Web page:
EVENING was falling in the old Japanese capital of Kyoto, and I was tucking myself into a container slightly larger than a refrigerator. I pulled down the shade and, after a bit of contorting, lay down, the wall a few inches from my feet. It was a dainty little space, about 3 ¼ feet wide and 6 ½ feet long, charmingly traditional with rice-paper latticework and two woven-reed mats. I felt like an origami crane as I folded my 6-foot-2-inch frame into this “tatami capsule.”
The eight units at Capsule Ryokan (204 Tsuchihashicho, Shimogyo-ku; capsule-ryokan-kyoto.com) go for 3,500 yen a night, about $46 at 76 yen to the dollar. You don’t get a lot of real estate for your yen, though the box had plenty of modern conveniences: a small LCD TV, high-speed Wi-Fi, dimmable lighting and a wall-mounted alarm clock. The capsules are stacked in pairs, with chrome ladders at their entrances. Upstairs, the 32 en-suite rooms offer more space for sleeping — about three tatami mats’ worth — and the luxury of a compact rain shower.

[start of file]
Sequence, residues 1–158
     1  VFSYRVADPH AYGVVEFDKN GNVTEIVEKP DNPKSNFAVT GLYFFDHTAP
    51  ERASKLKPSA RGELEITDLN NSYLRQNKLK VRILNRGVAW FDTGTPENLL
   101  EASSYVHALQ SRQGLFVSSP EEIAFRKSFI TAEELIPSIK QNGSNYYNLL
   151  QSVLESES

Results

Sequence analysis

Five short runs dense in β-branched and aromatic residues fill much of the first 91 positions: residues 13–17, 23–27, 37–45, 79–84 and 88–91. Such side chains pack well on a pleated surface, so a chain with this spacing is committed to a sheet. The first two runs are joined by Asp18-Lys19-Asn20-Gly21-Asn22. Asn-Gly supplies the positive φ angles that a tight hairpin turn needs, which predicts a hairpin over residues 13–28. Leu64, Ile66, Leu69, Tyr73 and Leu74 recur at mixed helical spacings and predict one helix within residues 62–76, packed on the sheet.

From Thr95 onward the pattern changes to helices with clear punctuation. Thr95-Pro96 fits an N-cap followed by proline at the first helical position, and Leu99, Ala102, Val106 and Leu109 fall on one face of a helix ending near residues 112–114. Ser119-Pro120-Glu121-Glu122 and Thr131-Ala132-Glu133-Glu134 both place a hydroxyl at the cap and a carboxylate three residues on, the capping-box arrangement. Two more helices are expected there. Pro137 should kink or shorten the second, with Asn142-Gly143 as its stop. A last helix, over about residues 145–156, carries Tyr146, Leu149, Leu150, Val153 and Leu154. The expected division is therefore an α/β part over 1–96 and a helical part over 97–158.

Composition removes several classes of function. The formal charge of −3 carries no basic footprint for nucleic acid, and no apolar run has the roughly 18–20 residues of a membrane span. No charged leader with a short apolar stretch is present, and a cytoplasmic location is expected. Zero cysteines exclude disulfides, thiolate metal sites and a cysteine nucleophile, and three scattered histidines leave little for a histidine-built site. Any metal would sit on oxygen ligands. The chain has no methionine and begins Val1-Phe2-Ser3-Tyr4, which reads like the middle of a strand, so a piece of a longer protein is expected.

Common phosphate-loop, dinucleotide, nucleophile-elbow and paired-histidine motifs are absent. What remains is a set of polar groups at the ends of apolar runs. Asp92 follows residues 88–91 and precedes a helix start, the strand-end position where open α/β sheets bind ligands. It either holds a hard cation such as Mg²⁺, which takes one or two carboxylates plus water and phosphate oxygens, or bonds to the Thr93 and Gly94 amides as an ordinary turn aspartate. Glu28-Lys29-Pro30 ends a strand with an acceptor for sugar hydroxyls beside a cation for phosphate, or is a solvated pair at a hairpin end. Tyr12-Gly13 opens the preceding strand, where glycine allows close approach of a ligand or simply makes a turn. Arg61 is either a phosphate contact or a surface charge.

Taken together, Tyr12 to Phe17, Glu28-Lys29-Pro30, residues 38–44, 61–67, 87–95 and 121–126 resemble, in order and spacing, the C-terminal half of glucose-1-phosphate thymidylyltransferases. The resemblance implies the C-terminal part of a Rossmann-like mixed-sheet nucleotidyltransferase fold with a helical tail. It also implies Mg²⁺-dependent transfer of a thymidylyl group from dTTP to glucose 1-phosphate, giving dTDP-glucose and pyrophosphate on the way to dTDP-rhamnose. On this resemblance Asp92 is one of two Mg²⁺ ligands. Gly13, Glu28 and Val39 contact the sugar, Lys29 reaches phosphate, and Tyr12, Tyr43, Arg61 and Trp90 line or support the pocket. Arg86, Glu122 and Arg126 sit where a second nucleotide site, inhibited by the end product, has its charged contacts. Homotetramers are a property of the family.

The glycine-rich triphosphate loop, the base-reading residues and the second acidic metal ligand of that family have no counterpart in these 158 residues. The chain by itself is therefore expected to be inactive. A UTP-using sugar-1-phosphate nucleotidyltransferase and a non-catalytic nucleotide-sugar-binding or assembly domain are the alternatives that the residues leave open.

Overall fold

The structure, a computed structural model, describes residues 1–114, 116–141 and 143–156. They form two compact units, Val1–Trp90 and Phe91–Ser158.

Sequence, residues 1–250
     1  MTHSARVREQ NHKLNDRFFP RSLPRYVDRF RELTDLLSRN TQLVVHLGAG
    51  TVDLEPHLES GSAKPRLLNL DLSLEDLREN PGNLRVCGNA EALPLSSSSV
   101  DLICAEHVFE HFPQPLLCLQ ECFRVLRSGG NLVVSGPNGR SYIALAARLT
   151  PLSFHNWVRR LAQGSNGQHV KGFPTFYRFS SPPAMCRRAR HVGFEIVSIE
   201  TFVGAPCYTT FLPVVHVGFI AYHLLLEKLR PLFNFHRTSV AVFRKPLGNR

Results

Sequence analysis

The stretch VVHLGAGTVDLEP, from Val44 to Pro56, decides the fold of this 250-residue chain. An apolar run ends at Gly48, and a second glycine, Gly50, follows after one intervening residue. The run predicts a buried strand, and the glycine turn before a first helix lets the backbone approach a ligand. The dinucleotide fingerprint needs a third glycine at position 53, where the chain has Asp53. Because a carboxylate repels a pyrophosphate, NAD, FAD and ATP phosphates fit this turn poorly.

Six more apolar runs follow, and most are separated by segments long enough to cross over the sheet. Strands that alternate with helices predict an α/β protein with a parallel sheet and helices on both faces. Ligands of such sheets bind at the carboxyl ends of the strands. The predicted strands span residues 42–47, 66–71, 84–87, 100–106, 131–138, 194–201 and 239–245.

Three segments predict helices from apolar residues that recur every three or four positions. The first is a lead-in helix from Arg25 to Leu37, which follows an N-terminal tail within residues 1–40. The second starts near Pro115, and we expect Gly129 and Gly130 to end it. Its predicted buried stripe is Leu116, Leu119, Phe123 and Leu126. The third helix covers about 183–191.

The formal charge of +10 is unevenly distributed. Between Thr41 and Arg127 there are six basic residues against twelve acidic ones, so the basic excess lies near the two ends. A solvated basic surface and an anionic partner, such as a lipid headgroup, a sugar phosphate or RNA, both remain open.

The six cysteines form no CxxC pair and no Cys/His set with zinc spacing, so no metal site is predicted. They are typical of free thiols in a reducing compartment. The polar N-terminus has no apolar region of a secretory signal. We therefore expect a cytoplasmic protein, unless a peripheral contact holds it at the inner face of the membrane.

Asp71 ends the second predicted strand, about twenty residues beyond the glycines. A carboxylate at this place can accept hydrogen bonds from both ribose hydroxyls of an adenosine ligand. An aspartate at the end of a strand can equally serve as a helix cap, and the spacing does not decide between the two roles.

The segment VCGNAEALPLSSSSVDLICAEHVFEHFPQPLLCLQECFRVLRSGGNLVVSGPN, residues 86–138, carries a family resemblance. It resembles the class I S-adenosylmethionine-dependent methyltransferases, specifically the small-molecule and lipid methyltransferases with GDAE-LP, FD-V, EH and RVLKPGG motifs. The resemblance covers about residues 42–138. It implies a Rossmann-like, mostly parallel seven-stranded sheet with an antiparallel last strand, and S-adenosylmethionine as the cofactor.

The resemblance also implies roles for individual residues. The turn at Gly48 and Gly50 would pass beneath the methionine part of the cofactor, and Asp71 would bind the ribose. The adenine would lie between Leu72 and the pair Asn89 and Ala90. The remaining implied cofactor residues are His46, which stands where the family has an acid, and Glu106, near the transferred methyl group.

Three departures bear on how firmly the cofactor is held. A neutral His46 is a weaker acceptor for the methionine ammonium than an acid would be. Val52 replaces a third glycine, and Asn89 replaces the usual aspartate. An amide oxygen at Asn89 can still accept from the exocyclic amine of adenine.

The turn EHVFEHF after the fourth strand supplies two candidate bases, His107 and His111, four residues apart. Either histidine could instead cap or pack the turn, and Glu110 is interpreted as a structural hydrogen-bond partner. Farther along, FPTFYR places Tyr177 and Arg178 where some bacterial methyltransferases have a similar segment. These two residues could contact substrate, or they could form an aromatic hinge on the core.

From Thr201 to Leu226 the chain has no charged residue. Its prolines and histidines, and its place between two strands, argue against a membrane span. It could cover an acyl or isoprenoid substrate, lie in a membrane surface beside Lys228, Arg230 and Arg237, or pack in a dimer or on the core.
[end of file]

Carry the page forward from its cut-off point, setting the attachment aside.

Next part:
Read the rest of the story: Japan’s Capsule Hotels Go High Tech and High Style.